Ockam's Zero-to-IPO framework is a product and GTM roadmap for open source

Ockam is a really interesting open source product that uses #did and #verifiable-credentia in the #iot space.

It is inevitable that data and computing power will become ever more distributed across the edge and the cloud.

Building distributed systems of interconnected devices has become exceptionally difficult. Old tools, and the best of intentions, have been contorted past their breaking point. It takes massive budgets and highly specialized teams to ensure data integrity, security, and privacy - which means most connected systems remain negligently vulnerable.

Millions of application developers need access to simple tools.

Hundreds of technologies need to be integrated.

This blog post is about their framework for thinking about community and ultimately company growth – zero to IPO.

Good reading for their take on community and metrics per stage.

The cloud, edge, and open source landscape continues to evolve - which means that we need to chart our own course into the future. However, Ockam’s route to IPO also considers the various ways that other companies have run the gauntlet from Zero-to-IPO. I’ve been fortunate to have been ‘in the rooms where it happened’. Over the past 10 years I’ve directly worked with well over 100 companies that were underpinned by open source software projects. I’ve seen spectacular successes, breathtaking failures, modest acquisitions, and some companies that simply fade into the darkness. I’ll save those stories for another time, maybe over a beer.

In order to recruit our team, or for a developer to consider using Ockam, first they have to know we exist. We create and distribute a tremendous amount of content at Ockam with one goal - driving developer awareness.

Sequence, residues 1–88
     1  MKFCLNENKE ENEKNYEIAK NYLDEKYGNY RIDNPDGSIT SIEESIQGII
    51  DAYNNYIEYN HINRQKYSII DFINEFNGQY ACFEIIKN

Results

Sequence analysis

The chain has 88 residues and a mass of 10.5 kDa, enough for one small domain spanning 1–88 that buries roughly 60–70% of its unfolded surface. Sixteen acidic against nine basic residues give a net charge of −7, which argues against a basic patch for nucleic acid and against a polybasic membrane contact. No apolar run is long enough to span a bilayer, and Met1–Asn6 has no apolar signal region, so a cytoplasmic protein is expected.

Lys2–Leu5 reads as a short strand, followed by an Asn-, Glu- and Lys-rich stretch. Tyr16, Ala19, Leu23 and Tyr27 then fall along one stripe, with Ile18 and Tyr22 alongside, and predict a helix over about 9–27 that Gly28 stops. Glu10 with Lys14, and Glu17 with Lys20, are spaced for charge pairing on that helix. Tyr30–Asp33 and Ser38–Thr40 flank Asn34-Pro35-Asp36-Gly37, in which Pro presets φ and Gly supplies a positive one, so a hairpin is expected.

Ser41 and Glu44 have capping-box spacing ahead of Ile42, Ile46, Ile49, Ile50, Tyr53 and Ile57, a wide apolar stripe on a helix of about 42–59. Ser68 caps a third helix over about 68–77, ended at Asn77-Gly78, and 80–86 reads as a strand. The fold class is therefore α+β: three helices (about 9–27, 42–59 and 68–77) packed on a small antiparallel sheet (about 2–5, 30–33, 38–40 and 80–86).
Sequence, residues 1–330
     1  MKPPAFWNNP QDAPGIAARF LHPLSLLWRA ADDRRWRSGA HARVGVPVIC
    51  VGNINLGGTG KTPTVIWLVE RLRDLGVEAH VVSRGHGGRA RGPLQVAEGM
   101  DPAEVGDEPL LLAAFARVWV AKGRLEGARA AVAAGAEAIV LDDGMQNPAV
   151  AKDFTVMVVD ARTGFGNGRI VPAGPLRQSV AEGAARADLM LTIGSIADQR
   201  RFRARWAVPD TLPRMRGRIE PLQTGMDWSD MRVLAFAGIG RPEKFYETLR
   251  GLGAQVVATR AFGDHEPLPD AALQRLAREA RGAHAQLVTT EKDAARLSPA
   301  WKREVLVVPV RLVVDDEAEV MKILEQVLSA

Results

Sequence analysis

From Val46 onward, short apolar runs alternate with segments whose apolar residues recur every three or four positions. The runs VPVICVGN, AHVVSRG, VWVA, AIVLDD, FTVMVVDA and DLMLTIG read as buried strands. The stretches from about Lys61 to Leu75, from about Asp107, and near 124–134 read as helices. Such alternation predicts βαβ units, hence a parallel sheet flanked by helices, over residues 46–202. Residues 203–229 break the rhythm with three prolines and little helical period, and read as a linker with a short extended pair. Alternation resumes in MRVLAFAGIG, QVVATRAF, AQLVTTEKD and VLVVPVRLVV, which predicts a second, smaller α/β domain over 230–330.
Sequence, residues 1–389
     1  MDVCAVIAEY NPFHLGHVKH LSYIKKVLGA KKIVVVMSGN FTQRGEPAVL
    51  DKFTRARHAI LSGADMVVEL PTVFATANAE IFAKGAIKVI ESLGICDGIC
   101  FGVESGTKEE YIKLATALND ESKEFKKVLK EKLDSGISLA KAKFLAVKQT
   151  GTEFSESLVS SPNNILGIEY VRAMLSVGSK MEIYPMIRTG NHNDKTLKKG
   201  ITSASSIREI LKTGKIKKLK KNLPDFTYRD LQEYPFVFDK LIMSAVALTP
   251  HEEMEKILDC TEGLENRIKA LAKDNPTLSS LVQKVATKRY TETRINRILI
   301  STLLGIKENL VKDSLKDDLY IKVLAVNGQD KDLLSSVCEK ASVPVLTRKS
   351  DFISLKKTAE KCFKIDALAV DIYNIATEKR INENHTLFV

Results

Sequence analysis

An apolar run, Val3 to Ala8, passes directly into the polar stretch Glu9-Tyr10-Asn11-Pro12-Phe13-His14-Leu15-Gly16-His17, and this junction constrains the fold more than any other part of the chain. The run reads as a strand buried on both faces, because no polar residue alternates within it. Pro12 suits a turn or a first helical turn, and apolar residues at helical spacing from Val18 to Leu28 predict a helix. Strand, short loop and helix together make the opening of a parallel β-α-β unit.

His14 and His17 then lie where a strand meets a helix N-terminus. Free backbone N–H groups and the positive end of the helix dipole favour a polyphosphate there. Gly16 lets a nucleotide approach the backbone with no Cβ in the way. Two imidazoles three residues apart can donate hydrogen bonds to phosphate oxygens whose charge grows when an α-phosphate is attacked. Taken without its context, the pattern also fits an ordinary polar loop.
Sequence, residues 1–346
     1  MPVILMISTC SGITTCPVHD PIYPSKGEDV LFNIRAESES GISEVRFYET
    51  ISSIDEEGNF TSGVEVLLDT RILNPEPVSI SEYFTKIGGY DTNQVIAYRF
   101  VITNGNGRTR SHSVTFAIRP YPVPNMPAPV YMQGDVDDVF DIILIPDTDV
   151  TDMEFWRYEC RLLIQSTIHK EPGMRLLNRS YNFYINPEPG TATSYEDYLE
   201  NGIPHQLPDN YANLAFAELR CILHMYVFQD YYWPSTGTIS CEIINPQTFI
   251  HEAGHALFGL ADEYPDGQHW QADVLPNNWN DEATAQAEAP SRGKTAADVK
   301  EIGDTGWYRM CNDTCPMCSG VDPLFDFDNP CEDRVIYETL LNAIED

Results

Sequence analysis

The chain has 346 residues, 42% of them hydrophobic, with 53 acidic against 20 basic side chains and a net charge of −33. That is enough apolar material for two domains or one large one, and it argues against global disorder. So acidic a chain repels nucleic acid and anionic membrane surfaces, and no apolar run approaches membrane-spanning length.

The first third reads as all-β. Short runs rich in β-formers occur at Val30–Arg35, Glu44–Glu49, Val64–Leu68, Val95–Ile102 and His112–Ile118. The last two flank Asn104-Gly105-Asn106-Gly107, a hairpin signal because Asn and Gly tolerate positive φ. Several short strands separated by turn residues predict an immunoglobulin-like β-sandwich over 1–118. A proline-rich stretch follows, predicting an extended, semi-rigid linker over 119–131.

For example, The first product Ockam shipped was a blog on our Values. The second was a white paper that shared our vision. Even this post is an example! We have a learning library that outlines our thesis on the open source ecosystem, teaches computer science fundamentals, gives insights into our team culture, and demonstrates our technology. We’ve sat down for dozens of podcasts and interviews over the past two years. Ockam’s content is based around teaching. Being an effective listener and a great teacher are core underpinnings when building an open source community.

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Oooh, the truest part of that for me is the Anti-metrics:


There will be noise in our Inside Sales data!

The noise is any sale that looks like it could be Enterprise Sales. Up to this point, non-recurring engineering (NRE) and enterprise-like sales don’t count as Enterprise Sales, as we define the term in the next section. Typically they are one-off deals because the motion to win these deals isn’t scalable. We will do large custom deals to gain access to smart teams that deploy interesting technology. I prefer to categorize this class of revenue as ‘business development’ or even R&D.

Why is this an anti-metric? Because other Open Source startups typically stand up a couple one-off enterprises like sales as a way to puff themselves up and to convince themselves that they are ready to move to the next phase. I strongly caution my future self to parse the noise from the signal prior to launching Enterprise Sales.

Furthermore, there are other Open Source companies that entirely bypass the Self Serve SaaS phase in favor of the chunky revenue that comes with Enterprise Sales. Those companies tend not to be product companies. They become consulting and services shops that dress up to look like primary product companies. That’s not our vision. We are a tool company. We build products.